Episode 43: August 12, 2008
by Stever Robbins
Today, Small Biz Tech Girl and I talk about social media.
Are you drowning in a sea of social networking sites including your all important LinkedIn account, your Facebook page, a little Twitter on the side, and the obligatory MySpace page among all the others that you are too ashamed to mention? Don't worry, there is a way to manage your social networks and to use them more effectively.
Back to managing your social networks.
I'm a firm believer in marketing yourself and your company through social networks, however, no small business owner has enough time in the day to manage even a fairly passive social networking presence. So how do you whip your social networking efforts into shape to get the most out of them?
I've invited the Get-It-Done Guy to share some ideas of getting a handle on your ever-growing collection of social networking sites.
So, Get-It-Done Guy--what advice do you have for our listeners about managing your social networks?
ADVICE FROM GET IT DONE GUY
Hi, Stever Robbins here. I just love social networking. Every day, I happily check my Plaxo Pulse, LinkedIn, Amazon Author Blog, eBay community, Facebook, Friendster, MySpace, Good Reads, Cardscan, Spoke, Flickr, Twitter, Plork, Plunk, Burple, and Plop, plus two professional sites I'm part of. Pathetically, every site I just listed actually exists. It gives me hope for the human race, however, that some of them aren't really social networking sites.
At five minutes each, it would take an hour out of my day to check in with my sites. Unless I'm paid to be a Web 2.0 marketer or I have no real life whatsoever, that's a total waste of time.
To get the most out of social networks, know why you're joining them and use them accordingly. Some sites are good for jobs and recruiting, others are more about sharing tastes or keeping a more personal connection. If you're a small business wanting to use social networking for marketing, find a site where you can reach the people you're likely to market to. LinkedIn has a feature that lets you answer questions posed by people in your network. If you want to establish yourself as an expert, go become a LinkedIn Dear Abby and post pithy, clever answers to people's heart-rending questions. If you're an author, you may choose your Amazon Author Blog as the place where you publish your writing.
Use restraint. Select just one or two sites as your central sites. Some people say LinkedIn is the premiere business networking site, and Facebook is for frivolity. Other people say Facebook is the premiere business networking site, and LinkedIn is for random networking. Don't worry about it. Just choose one. I chose LinkedIn.
Have your profile on other social networking sites simply refer people to your main site. When I'm trying to keep a dozen profiles synchronized, I always think of how convenient technology makes my life. I cut a paragraph from one site, navigate to the other, find the right fill-in form area, paste... Oh, boy. Convenient, convenient, convenient. This was sure my image of the future: technology's giving me a rich life that's truly worth living. NOT! Just say, "See my LinkedIn profile at www.linkedin.com/in/stever" and put all the good stuff in your LinkedIn profile.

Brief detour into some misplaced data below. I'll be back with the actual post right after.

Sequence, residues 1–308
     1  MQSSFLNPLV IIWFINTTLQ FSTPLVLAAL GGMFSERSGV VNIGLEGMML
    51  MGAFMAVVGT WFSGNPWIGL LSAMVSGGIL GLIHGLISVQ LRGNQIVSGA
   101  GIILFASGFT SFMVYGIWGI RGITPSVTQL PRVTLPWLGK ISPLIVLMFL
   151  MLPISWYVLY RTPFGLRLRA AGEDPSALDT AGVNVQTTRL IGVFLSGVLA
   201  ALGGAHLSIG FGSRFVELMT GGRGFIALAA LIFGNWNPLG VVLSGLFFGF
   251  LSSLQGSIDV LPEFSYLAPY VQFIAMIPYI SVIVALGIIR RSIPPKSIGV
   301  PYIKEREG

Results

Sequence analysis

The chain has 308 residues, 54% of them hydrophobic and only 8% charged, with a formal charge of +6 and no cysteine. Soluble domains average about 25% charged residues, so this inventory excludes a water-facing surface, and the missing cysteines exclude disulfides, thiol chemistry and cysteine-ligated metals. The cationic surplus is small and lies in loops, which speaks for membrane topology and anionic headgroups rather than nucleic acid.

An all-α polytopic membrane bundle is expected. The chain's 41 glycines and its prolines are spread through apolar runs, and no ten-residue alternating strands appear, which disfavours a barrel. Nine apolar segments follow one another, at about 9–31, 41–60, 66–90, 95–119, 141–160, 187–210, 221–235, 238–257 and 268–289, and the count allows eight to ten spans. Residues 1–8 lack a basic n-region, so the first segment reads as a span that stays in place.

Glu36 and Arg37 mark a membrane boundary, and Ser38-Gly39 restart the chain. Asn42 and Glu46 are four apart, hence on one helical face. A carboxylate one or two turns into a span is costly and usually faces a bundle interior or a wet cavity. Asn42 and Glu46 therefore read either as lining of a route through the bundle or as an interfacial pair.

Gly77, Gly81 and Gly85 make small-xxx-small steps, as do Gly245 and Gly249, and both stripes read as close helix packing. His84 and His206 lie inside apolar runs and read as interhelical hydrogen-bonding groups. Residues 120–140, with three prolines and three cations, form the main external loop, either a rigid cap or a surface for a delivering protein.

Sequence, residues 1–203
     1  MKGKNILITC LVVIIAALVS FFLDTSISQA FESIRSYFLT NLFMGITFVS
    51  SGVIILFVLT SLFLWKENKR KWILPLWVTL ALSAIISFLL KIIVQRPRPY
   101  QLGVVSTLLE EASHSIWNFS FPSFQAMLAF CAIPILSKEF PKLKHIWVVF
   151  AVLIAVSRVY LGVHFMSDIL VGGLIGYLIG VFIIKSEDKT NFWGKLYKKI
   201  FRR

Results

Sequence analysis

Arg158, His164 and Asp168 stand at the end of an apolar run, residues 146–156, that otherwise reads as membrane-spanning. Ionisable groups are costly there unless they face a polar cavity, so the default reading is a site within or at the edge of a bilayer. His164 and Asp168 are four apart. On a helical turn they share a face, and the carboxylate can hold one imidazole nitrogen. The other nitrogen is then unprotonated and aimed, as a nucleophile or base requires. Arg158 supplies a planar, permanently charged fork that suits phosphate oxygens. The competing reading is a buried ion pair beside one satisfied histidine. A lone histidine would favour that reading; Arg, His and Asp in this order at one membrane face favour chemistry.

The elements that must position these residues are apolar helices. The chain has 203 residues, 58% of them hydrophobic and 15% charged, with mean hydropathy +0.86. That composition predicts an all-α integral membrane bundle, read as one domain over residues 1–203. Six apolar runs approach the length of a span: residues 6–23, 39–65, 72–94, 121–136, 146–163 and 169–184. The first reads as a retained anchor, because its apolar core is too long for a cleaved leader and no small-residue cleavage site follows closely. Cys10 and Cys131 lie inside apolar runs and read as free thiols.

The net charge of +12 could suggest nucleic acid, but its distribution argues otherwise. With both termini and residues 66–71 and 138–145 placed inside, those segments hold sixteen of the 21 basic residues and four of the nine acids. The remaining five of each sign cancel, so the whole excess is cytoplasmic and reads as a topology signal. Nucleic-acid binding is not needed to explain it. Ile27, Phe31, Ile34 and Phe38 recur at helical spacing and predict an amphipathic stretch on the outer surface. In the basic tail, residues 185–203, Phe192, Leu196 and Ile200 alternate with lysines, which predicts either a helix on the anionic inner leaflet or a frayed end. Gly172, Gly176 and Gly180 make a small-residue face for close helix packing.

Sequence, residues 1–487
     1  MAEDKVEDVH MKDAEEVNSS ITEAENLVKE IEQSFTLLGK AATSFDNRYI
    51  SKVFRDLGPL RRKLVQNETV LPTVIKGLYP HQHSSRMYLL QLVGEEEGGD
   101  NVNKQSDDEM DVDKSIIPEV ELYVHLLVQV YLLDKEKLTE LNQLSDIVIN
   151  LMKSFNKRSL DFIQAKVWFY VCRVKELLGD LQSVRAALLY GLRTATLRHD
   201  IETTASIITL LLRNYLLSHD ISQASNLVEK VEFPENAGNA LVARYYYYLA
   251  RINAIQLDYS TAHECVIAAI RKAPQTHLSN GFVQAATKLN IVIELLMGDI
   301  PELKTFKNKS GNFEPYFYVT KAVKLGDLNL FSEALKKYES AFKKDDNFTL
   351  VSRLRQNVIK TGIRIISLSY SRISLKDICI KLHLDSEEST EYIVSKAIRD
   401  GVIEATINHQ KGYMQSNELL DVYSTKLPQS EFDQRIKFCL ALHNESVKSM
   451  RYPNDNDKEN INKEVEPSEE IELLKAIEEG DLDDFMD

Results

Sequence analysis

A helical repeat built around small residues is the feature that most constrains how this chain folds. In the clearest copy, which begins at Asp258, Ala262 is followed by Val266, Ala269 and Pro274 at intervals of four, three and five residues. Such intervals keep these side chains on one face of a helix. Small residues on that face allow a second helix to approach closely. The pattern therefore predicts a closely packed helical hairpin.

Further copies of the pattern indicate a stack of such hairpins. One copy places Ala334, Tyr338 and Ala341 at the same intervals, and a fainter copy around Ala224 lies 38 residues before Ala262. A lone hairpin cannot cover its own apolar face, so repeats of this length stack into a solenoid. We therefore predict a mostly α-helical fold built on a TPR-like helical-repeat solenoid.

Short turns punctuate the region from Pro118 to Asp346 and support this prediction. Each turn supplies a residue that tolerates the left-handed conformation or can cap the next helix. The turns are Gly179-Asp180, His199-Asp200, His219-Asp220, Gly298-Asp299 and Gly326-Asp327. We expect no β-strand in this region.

Once you're clear on why you're social networking, decide how much time you'll devote to your social networking and make it a regular--and limited--part of your week. If you're going to become a LinkedIn expert, set aside 20 minutes twice weekly to post a question. If you're keeping up with your network to know when to call, browse the recent events feeds every other day. But only do things that get the results you want. Social networking is a prelude to actual human interaction. If you have free time, don't spend it online. Call someone you met online and get together in person. That's where you'll make your real relationships. And that advice holds for all kinds of social networking, if you get my drift.
To recap: know what you want from social networking, choose your networking site and how you use it accordingly. Limit your time, and keep a single profile.
Thanks, Get-It-Done Guy.
Advice from Small-Biz Tech Girl
I'll just add a few of my own quick and dirty tips for managing your social networks.
1. Sign up for all of your social networks through a designated email account. I set up my clients up with a single Gmail account to handle all of their social networking correspondence. That keeps their business e-mail clear of clutter and gives them a single place to access their social networking activity.
2. Use a handy cross-network posting tool. Try sites like HelloTxt at hellotxt.com or Ping.fm to send the same message across multiple sites such as Facebook, Twitter, Plaxo and MySpace. The handy tools minimize the time you spend posting but be careful not to spam.
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Bottom Line: Social networks can be a very effective forms of marketing online, however, you need to manage your networks wisely so they really work for you.
You can e-mail Stever at email@example.com or leave voicemail at 866-WRK-LESS.
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